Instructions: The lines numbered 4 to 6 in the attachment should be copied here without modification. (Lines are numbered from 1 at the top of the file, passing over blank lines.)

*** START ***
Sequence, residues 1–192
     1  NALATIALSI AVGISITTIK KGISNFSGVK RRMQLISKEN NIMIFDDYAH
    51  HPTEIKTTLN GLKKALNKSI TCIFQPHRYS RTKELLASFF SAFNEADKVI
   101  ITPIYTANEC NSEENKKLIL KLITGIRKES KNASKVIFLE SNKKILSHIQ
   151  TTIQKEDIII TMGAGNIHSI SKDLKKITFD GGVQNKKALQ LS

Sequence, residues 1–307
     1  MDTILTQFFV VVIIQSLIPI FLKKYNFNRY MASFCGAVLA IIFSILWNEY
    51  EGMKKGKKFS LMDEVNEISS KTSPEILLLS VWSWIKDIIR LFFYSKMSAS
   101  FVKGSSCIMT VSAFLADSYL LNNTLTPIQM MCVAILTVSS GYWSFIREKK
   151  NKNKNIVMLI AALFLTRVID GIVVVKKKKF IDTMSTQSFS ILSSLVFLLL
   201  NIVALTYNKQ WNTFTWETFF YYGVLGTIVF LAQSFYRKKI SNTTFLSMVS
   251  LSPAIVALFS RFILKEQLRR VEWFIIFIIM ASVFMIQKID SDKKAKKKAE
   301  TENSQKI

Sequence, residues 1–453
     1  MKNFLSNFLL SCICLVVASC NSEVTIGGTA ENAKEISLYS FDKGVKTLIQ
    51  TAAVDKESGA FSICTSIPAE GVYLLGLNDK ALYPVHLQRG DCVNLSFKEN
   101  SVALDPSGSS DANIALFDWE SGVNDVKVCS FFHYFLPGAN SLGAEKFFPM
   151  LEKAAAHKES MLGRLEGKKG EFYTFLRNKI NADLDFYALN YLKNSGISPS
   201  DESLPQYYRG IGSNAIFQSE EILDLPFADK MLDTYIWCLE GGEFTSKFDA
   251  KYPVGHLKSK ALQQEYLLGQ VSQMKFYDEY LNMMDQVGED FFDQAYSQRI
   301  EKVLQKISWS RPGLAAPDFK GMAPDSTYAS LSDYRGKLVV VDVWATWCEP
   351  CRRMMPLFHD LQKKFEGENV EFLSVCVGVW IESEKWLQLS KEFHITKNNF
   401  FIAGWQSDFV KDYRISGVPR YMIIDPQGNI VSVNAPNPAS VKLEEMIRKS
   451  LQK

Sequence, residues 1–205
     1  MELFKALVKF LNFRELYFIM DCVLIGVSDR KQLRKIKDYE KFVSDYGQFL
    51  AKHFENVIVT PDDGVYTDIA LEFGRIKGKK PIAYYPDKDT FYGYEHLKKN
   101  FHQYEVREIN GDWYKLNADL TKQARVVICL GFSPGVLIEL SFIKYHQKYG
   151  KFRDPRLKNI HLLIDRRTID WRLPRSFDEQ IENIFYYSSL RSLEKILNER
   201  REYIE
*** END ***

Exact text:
   101  ITPIYTANEC NSEENKKLIL KLITGIRKES KNASKVIFLE SNKKILSHIQ
   151  TTIQKEDIII TMGAGNIHSI SKDLKKITFD GGVQNKKALQ LS

Sequence, residues 1–307